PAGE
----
TISSUE ENGINEERED CARDIAC PATCHES FOR THE TREATMENT OF POST-MI HEART FAILURE USING NATURAL POLYMERS AND HUMAN IPSC-DERIVED CELLS

Jun 28, 2022, 12:20 PM
10m
Room: S3 A

Room: S3 A

Speaker

Fricker, Annabelle (University of Sheffield)

Description

INTRODUCTION: Cardiovascular diseases (CVDs) remain the leading cause of death worldwide, contributing a huge burden on healthcare providers. Myocardial infarction (MI) is one of the most fatal results of CVDs as it can lead to ultimate heart failure. Available treatments are used to mitigate many of the symptoms of MI, however they are not designed to repair the damaged tissue. A proposed solution to this lack of a regenerative treatment is a tissue engineered myocardial patch which would deliver healthy cells to repopulate the infarct area. In this research, natural and biocompatible materials, a polyhydroxyalkanoate (PHA)1-3 and alginate3, are used with the aim of producing a cellular multimaterial myocardial patch for this purpose. The patch would incorporate human induced pluripotent cardiomyocytes (hiPSC-CMs) and endothelial cells (hiPSC-ECs)

METHODS: Bacterial fermentation of Pseudomonas species was carried out to produce the PHA poly(3-hydroxyocatnoate-co-3-hydroxydecanoate), P(3HO-co-3HD), and this was purified and extracted from the bacteria using Soxhlet extraction. Resazurin assays with a C2C12 myoblast cell line were used to test the biocompatibility of P(3HO-co-3HD) and alginate hydrogel, the polymers were 3D printed (fused deposition modelling) to produce a multimaterial patch, with C2C12 cells encapsulated in the alginate and 3D-bioprinted. hiPSC-CMs and hiPSC-ECs were produced from (hiPSCs), seeded onto P(3HO-co-3HD) films, live/dead stained, and functionally analysed. Multimaterial patches were also tested in vivo in a rat model with an induced infarct.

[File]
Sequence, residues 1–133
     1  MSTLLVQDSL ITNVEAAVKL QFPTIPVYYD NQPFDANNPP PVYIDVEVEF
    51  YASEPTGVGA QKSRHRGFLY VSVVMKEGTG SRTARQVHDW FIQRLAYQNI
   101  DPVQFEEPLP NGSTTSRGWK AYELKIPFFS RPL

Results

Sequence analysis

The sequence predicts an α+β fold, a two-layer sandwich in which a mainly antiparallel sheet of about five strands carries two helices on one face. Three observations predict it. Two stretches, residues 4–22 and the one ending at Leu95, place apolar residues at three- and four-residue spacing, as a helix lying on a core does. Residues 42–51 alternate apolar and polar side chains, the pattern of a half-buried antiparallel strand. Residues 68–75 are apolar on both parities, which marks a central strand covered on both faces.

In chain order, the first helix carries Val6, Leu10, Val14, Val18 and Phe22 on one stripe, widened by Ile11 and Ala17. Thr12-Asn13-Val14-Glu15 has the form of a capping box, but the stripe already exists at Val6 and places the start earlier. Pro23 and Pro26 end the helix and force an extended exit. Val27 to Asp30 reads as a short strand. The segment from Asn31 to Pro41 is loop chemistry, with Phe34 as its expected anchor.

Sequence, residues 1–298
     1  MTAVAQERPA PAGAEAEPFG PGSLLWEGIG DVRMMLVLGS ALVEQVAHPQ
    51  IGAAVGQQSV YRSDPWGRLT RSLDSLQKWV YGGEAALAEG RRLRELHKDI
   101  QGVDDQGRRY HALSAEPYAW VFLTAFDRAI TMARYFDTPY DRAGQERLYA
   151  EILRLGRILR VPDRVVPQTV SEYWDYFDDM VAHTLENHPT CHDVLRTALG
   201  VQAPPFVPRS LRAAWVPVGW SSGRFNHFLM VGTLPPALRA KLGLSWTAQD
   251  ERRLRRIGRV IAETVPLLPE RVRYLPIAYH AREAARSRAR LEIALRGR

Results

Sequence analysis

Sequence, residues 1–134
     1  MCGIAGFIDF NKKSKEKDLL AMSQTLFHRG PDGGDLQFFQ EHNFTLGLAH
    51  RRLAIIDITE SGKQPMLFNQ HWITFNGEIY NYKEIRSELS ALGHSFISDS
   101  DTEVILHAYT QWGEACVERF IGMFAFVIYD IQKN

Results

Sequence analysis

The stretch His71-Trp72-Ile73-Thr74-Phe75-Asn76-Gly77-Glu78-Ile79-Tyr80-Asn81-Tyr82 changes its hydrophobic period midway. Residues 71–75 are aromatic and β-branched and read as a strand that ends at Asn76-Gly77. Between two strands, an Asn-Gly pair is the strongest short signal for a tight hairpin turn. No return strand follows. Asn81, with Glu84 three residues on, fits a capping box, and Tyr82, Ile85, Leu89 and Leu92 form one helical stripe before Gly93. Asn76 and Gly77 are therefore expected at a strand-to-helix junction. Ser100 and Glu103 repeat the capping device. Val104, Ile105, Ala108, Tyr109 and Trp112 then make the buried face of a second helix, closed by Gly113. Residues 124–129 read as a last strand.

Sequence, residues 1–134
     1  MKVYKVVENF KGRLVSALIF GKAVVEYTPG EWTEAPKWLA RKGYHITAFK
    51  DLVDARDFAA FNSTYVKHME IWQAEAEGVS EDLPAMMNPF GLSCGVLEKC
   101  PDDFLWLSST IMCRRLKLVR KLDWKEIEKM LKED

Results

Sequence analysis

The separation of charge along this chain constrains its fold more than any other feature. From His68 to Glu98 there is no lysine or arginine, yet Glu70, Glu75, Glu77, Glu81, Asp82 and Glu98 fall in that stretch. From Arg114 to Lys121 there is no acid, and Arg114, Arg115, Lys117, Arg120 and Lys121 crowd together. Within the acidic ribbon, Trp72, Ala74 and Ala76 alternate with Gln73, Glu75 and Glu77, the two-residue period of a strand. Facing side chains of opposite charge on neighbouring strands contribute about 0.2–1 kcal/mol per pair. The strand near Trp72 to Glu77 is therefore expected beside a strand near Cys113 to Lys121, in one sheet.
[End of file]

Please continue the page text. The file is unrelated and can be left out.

RESULTS: P(3HO-co-3HD) has been successfully produced and characterised to confirm its chemical structure and 3HO:3HD molar ratio; mechanical properties which show that it is highly elastomeric, making it a suitable polymer for myocardial applications; and thermal properties, including a melting point of around 54oC making it easy to 3D print. P(3HO-co-3HD) and alginate were shown to both be non-cytotoxic via the resazurin assay. 3D printing was carried out with these materials, with C2C12 cells encapsulated in the alginate, and successfully produced cellular multimaterial patches at a high resolution, while maintaining cell viability. To improve the cell types included in the patch, hiPSC-CMs and hiPSC-ECs were produced, with initial results showing that they adhere to P(3HO-co-3HD) with good viability, and retain functionality through beating and calcium handling, as seen with Fluo-4 imaging.

CONCLUSIONS: Multimaterial patch production and successful encapsulation and printing of cells shows promise for the development of a functional cellular multimaterial patch. Future aims in this project are to include hiPSC-ECs and hiPSC-CMs in the multimaterial patch before carrying out in vitro and in vivo experiments in a rodent MI model.

REFERENCES:

Majid QA, et al. Natural biomaterials for cardiac tissue engineering: a highly biocompatible solution. Frontiers in Cardiovascular Medicine 7, 192, 2020
Bagdadi AV, et al. Poly(3-hydroxyoctanoate), a promising new material for cardiac tissue engineering. Journal of Tissue Engineering and Regenerative Medicine 12, 495, 2018
Rai R, et al. Medium chain length polyhydroxyalkanoates, promising new biomedical materials for the future. Materials Science and Engineering: R: Reports 72, 29, 2011

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